Lynchburg Journal of Medical Science

Lynchburg Journal of Medical Science




Dr. Laura Witte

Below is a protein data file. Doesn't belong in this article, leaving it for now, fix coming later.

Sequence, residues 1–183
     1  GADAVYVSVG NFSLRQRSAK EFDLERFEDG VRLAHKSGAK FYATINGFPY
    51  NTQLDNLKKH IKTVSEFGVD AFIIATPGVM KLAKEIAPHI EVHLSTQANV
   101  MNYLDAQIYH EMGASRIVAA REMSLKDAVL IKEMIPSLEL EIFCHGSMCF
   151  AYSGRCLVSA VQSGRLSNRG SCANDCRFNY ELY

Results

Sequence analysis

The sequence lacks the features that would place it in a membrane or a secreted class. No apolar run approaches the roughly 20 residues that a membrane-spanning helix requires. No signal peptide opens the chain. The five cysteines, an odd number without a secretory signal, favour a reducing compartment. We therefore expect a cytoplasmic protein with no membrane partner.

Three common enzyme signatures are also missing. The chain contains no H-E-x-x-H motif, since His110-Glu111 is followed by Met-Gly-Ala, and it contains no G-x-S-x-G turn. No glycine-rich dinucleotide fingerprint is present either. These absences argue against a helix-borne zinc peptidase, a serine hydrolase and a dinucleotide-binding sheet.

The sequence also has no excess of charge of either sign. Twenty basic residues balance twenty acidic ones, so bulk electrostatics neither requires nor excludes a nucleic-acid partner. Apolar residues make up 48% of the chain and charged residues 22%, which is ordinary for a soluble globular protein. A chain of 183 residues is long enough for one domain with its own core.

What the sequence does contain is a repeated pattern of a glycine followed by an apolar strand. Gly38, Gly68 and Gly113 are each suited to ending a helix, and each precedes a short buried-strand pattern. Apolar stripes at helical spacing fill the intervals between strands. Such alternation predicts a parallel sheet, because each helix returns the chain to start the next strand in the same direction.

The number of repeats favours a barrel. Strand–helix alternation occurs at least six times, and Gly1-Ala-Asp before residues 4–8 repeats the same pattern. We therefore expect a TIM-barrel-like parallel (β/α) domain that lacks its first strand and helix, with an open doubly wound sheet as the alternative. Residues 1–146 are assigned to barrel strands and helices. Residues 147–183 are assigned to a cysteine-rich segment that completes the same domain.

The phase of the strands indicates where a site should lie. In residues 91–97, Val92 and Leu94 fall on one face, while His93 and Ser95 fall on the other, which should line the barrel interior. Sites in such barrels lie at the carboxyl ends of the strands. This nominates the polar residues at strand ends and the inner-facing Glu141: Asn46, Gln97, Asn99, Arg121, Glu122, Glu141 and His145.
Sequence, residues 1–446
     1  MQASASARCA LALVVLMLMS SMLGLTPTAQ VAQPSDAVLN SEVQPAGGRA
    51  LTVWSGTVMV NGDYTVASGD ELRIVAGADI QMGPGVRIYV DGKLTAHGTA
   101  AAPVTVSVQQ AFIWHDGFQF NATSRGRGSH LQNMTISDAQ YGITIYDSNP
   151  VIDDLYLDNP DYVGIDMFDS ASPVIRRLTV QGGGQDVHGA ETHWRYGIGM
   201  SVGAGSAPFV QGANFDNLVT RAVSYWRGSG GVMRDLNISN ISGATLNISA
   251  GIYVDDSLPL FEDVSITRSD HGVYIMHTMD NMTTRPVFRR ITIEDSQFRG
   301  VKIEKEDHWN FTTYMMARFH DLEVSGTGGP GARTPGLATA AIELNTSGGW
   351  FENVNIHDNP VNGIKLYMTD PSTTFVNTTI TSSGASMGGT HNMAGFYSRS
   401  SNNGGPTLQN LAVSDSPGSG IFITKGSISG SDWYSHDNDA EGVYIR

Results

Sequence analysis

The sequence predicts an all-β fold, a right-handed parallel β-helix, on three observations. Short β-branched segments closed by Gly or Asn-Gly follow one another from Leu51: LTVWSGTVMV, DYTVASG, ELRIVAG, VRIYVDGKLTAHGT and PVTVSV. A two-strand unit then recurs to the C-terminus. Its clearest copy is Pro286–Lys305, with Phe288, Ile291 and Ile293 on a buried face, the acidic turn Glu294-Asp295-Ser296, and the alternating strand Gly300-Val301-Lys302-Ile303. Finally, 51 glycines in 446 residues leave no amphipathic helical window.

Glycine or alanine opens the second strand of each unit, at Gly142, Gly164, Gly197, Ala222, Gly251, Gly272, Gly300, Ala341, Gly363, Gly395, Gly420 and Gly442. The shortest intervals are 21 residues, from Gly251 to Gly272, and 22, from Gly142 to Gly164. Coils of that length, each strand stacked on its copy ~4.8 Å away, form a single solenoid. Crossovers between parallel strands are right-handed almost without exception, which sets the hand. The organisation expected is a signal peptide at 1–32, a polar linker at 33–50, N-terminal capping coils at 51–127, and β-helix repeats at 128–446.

Lung cancer is the leading cause of cancer-related deaths in the United States. The five-year survival rates are poor with traditional therapy alone. New scientific advances in technology involving the human genome, including diagnostic tools to inform on tumor-derived acquired (somatic) mutations that drive cancer formation are essential to utilize. Targeting cancer cells paired with actionable drugs to shut off the growth pathways has significantly improved patient survival. Obtaining mutational analysis can be performed via traditional methods such as tissue; new advances allow comparable information to be obtained through liquid biopsy to inform targeted treatment decision-making. Getting tissue for additional molecular analysis can pose several challenges for patients. Liquid biopsy is a non-invasive test (typically blood) analyzed by next-generation sequencing for tumor shed to obtain actionable information for treatment decisions. Analyses between blood and tissue consistently yield high concordance, with liquid biopsy giving faster turn-around-time results to treatment than tissue. The utility of liquid biopsy is well proven but not standardized and cannot diagnose lung cancer histopathology, requiring tissue diagnosis.


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